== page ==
Illegal drugs such as meth, cocaine, and crack can not only land users in trouble with the law, but also put their lives at risk.
While many drugs have the ability to lead to drug addiction, and the corresponding problems that arise from abusing them, there are certain substances that are forbidden by the law. These dangerous drugs are made and distributed through illegal means, the cost of which can lead to heavy fines, arrests, and even incarceration.
According to the Drug Enforcement Administration (DEA), illegal drugs and/or illicit drug use can include opiates/narcotics (heroin), stimulants (cocaine, meth, crack), depressants (GHB, Rohypnol), hallucinogens (MDMA, LSD, mushrooms, peyote, marijuana), steroids (anabolic steroids), inhalants (solvents, aerosol sprays, gases), and designer drugs (bath salts).
Those who abuse these substances endure the mental, physical, and emotional impact they cause in pursuit of a “high” that can alter their moods or feelings. The side effects of these drugs can lead to irreversible damage of the brain, heart, liver, lungs, and kidneys, and overdoses can be life-threatening.
In addition to the dangers these drugs can do to a person’s overall health and well-being, the abuse of illegal substances can lead to jail time, large fines, and a felony record.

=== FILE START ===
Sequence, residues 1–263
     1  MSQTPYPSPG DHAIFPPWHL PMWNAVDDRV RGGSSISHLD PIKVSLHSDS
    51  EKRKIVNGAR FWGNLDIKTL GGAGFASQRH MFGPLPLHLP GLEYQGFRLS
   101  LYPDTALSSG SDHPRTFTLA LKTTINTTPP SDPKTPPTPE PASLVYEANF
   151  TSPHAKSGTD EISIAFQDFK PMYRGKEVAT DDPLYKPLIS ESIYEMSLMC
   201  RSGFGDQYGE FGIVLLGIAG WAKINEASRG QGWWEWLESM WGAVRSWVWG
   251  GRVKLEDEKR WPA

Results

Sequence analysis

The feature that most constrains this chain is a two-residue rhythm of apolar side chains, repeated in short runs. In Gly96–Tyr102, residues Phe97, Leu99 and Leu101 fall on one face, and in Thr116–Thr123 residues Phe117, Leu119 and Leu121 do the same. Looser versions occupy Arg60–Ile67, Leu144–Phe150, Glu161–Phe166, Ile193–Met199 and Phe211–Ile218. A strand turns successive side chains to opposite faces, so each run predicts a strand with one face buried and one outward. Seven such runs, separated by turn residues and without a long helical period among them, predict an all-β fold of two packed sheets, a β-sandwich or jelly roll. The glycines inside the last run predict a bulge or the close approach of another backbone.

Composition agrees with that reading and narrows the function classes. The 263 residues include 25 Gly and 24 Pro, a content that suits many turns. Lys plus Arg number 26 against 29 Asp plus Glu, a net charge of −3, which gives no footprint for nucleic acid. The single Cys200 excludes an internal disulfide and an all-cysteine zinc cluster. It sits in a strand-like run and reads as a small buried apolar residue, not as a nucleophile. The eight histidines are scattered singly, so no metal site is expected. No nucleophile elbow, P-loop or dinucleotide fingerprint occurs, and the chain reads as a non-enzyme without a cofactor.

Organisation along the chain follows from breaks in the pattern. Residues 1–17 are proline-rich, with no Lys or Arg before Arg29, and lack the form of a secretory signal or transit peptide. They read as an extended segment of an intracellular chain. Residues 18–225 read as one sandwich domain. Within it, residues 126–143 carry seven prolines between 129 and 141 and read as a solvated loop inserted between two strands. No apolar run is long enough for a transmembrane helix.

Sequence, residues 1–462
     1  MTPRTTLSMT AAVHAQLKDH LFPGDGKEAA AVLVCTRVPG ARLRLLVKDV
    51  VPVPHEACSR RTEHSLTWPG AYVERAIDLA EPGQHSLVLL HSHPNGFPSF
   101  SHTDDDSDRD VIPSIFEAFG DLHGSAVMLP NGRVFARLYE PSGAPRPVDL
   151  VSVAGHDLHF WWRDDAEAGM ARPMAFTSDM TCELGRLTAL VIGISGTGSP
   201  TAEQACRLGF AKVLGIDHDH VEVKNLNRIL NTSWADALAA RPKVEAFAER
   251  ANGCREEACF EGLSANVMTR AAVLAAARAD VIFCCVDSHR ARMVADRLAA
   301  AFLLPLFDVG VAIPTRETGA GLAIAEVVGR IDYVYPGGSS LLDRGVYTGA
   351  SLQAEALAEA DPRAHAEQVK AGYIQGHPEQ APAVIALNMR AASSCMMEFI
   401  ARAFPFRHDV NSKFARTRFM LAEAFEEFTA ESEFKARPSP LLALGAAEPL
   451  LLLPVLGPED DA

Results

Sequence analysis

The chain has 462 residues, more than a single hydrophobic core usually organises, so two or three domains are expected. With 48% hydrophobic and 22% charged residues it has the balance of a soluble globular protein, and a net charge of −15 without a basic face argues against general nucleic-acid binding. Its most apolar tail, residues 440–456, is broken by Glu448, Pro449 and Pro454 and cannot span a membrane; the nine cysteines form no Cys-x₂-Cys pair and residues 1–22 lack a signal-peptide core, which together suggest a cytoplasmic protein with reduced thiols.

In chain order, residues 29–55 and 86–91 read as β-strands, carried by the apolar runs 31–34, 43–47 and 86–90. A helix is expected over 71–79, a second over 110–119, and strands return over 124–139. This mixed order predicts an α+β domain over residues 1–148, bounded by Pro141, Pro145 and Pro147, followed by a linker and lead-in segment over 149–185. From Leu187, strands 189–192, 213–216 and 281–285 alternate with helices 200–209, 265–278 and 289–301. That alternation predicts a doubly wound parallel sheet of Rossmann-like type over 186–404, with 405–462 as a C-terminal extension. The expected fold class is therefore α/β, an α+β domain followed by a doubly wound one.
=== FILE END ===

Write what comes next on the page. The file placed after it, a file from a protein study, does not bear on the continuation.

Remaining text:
According to the Department of Justice (DOJ), drug-related crimes include using, possessing, manufacturing, trafficking, or distributing drugs classified to have abuse potential. It also applies to crimes (violent or otherwise) that are committed as the result of the effects a drug can have on a person’s behavior.
The production, abuse, and sales of illegal drugs have a profound effect on the country as a whole, costing American taxpayers hundreds of millions of dollars each year to cover health care, as well as costs related to crime and work loss.
One of the ways to get illegal drugs off the street and out of the hands of addicts is for those in need of getting clean to get help at a licensed rehabilitation facility. Under the care, guidance, and expertise of trained medical professionals and specialists, a person can successfully detox from harmful substances in a safe and secure setting. They’ll also be given the support and tools necessary to achieve the goal of lifelong sobriety.
If you or someone you know needs immediate help with drug addiction, call 1-800-RECOVERY now.
Methamphetamines, or meth, is a drug that has ravaged entire portions of the country and altered lives forever. According to the Centers for Disease Control and Prevention (CDC), as of 2014, meth was one of the top ten deadliest drugs abused in the United States, leading to 3,728 deaths.